Reservoir Sediment Studies in Kansas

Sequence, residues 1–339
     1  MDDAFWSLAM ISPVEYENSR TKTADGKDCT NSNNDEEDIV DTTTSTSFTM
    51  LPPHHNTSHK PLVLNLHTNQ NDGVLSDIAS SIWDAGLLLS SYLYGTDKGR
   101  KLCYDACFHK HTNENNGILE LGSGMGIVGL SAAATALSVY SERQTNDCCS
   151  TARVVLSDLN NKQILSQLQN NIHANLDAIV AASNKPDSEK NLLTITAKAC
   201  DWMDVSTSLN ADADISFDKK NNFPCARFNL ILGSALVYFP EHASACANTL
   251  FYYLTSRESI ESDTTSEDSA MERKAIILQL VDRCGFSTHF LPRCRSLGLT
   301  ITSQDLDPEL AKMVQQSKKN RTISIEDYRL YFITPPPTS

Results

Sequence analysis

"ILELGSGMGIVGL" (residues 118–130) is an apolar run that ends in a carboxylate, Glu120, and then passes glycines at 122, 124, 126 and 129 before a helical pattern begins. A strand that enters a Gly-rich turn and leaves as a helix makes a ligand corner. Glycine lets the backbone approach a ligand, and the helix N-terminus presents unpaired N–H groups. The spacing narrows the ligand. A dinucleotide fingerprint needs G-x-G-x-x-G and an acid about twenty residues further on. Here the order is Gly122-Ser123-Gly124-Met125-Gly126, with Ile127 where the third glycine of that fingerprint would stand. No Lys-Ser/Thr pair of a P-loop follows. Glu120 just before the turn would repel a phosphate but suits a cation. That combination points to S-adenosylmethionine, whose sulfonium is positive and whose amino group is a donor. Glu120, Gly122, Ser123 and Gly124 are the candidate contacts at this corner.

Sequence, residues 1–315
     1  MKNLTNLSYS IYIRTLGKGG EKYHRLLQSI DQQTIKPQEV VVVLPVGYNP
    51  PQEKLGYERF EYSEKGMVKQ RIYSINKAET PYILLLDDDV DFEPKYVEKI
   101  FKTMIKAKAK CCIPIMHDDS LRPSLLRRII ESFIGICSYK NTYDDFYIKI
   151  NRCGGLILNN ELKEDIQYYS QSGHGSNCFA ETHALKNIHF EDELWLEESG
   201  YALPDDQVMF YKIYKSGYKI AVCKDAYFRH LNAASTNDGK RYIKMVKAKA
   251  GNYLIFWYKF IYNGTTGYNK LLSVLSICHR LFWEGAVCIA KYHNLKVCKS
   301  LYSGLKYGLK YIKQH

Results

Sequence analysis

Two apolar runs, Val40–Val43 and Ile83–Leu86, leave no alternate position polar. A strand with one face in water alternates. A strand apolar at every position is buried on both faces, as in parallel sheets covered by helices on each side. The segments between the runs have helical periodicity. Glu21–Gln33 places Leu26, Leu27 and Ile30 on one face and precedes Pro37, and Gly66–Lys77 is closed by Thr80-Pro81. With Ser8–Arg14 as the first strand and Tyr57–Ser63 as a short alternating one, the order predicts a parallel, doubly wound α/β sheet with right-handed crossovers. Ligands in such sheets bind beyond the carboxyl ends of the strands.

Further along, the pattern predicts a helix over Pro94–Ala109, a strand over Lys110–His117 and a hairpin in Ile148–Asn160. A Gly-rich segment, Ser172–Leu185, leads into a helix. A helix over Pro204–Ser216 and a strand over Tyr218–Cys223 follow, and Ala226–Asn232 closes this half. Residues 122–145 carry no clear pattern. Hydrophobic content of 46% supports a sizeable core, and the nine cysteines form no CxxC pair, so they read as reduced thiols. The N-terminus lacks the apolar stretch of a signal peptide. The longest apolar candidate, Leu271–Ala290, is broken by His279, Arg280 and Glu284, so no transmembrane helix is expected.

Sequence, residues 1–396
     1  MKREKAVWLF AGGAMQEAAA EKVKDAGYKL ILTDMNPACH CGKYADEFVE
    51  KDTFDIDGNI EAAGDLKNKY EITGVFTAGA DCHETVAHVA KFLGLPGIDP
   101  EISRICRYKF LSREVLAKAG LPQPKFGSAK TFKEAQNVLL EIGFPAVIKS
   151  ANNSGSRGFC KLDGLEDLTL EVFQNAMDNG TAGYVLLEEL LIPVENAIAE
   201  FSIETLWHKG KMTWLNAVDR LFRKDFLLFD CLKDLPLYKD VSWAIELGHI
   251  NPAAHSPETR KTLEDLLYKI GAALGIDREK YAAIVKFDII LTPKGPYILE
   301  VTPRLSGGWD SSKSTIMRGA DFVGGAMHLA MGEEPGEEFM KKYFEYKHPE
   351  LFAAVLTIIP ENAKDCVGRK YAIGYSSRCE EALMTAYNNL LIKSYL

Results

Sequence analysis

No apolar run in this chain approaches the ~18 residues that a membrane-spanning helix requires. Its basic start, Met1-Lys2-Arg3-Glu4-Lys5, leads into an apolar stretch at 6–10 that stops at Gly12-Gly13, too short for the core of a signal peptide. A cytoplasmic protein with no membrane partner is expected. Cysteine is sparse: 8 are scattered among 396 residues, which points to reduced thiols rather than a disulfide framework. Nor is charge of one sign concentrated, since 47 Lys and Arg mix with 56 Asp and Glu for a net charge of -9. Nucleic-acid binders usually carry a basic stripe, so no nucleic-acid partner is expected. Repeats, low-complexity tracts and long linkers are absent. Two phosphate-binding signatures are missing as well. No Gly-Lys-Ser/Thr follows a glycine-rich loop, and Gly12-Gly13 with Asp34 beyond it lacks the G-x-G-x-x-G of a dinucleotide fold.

An understanding of the quantity and quality of sediment deposited in a reservoir is necessary for effective reservoir and basin management. Sedimentation affects both the useful life of a reservoir for such important purposes as flood control and water supply as well as its aesthetic quality. Sediment quality is an important environmental concern because sediment may act as a sink for water-quality constituents and as a source of constituents to the overlying water column and biota. Once in the food chain, sediment-derived constituents may pose an even greater concern due to bioaccumulation. An analysis of reservoir bottom sediments can provide historical information on sediment deposition as well as magnitudes and trends in water-quality constituents from the basin that are associated with sediment such as phosphorus, trace elements, and some pesticides. The U.S. Geological Survey (USGS), in cooperation with Federal, State, and local agencies, has completed a number of reservoir sediment studies in Kansas (fig. 1) using a combination of bathymetric surveying, sediment coring, chemical analysis, and statistical analysis. Specific objectives of the studies were to: (1) estimate total sediment volume and mass, (2) estimate annual sediment deposition and yield from the basin, (3) determine the occurrence and trends of constituents, (4) estimate annual constituent loads and yields from the basin, (5) assess sediment quality, and (6) provide a baseline for future assessments. Information from reservoir sediment studies may be used to: (1) partly reconstruct historical sediment- and water-quality records, (2) determine if sediment and water quality are changing (possibly due to changes in human activity in the basin), (3) provide a warning of potential future water-quality problems, (4) provide a baseline for future assessments to measure the effectiveness of implemented best-management practices (BMPs) in a basin, and (5) assist in the development and evaluation of total maximum daily loads (TMDLs). Selected results from several reservoir sediment studies are presented in the following sections. Results indicated that decreases in total water-storage capacity at normal pool elevations due to sedimentation ranged from less than 5 percent at Cheney Reservoir (south-central Kansas), Hillsdale Lake (northeast Kansas), and Webster Reservoir (north-central Kansas) to about 55 percent at Crystal Lake, a small impoundment in east-central Kansas. Decreases in storage capacity at Perry and Tuttle Creek Lakes (northeast Kansas) were in the range of 20 to 35 percent. Sedimentation has decreased the water-storage capacity of most of the large Federal reservoirs at an average annual rate of less than 1 percent. Mean annual net sediment yield for the large Federal reservoirs ranged from 0.03 (acre-ft/mi²)/yr for Webster Reservoir to 1.59 (acre-ft/mi²)/yr for Perry Lake. Table 1 provides a comparison of sedimentation for several Kansas reservoirs. Figure 2 depicts the thickness of sediment deposited in the submerged Big Blue River channel in Tuttle Creek Lake. A statistically significant positive correlation was determined for the relation between sediment yield and mean annual precipitation (Juracek, 2004). Phosphorus is an important nutrient because, if concentrations are too large, algal growth may become excessive and cause taste-and-order problems for water suppliers. Also, excessive algal growth may be detrimental to aquatic life in, and discourage recreational use of, a lake. For Hillsdale Lake, an analysis of reservoir sediment was used to determine that the mean annual phosphorus load input was 7 percent from point sources and 93 percent from nonpoint sources (Juracek, 1997, 1998). This information helped regulators and local groups identify the most important sources of phosphorus in the basin. A comparison of mean annual net phosphorus yields for several reservoirs in Kansas is provided in table 2. Mean annual net phosphorus yields, which paralleled the sediment yields, ranged from 26 (lb/mi²)/yr for Webster Reservoir to 3,000 (lb/mi²)/yr for Perry Lake. Some small reservoirs have possible increasing trends in nitrogen or phosphorus deposition (Juracek, 2004). Parts of the Republican and Solomon River Basins have soils rich in selenium, a trace element that has had serious effects on waterfowl in California and other parts of the West. Possible increasing trends over time in selenium concentrations that appear to correlate with increasing irrigation development in the basins (fig. 3) were determined from reservoir sediment data (Christensen and Juracek, 2001). This finding could be an important consideration in the long-term effects of some irrigation projects in western Kansas and Nebraska. Sediment-quality guidelines adopted by the U.S. Environmental Protection Agency (USEPA) allow for the assessment of reservoir sediment with respect to level-of-concern concentrations of various trace elements and organochlorine compounds (including polychlorinated biphenyls and several pesticides). Two such level-of-concern concentrations adopted by USEPA are referred to as the threshold-effects level (TEL) and the probable-effects level (PEL). The TEL represents the concentration below which toxic biological effects rarely occur. In the range between the TEL and PEL, toxic effects occasionally occur. The PEL represents the concentration above which toxic effects usually or frequently occur. The guidelines are used by USEPA as screening tools and are not enforceable. An assessment of the sediment in Kansas reservoirs with respect to USEPA guidelines indicated that several constituents may be of concern. For most of the reservoirs studied, arsenic, copper, and nickel typically were detected at concentrations that exceeded the TELs. Copper concentrations exceeded the PEL at Bronson City Lake, Crystal Lake, and Gardner City Lake. The elevated copper concentrations at these three reservoirs are due to the application of copper sulfate to control algal blooms. The depositional trend for copper in Crystal Lake is shown in figure 4. At Perry Lake and Gardner City Lake, nickel concentrations typically exceeded the PEL. Chromium, lead, and zinc were detected at concentrations that exceeded the TELs at some of the reservoirs. Cadmium and mercury concentrations typically were less than the TELs at all reservoirs studied (table 3). Likewise, organochlorine compounds typically either were not detected or were detected at concentrations less than the TELs (Pope, 1998; Christensen and Juracek, 2001; Mau, 2001; Juracek and Mau, 2002; Mau, 2002; Juracek, 2003, 2004). At Crystal Lake (completed in 1879), baseline concentrations [in the deepest (oldest) part of the sediment core] for arsenic, chromium, copper, lead, nickel, and zinc are either similar to, or substantially larger than, the respective TELs (Juracek, 2004). This finding indicates the possibility that for certain trace elements in certain areas, baseline concentrations may equal or exceed the TELs prior to the effects of human activity. DDE, a degradation product of DDT, had a depositional pattern at Perry Lake and Tuttle Creek Lake (fig. 5) that reflected the history of DDT use. DDT was used extensively in agriculture during the 1950s and 1960s. Then, following the ban of DDT in 1972, its use declined. The depositional history of DDE depicted in figure 5 documents the effects of an important change in human activity in the Tuttle Creek Lake Basin. The detection of DDE in the recently deposited sediments of several reservoirs indicated that DDT use was widespread in eastern Kansas (Juracek, 2004).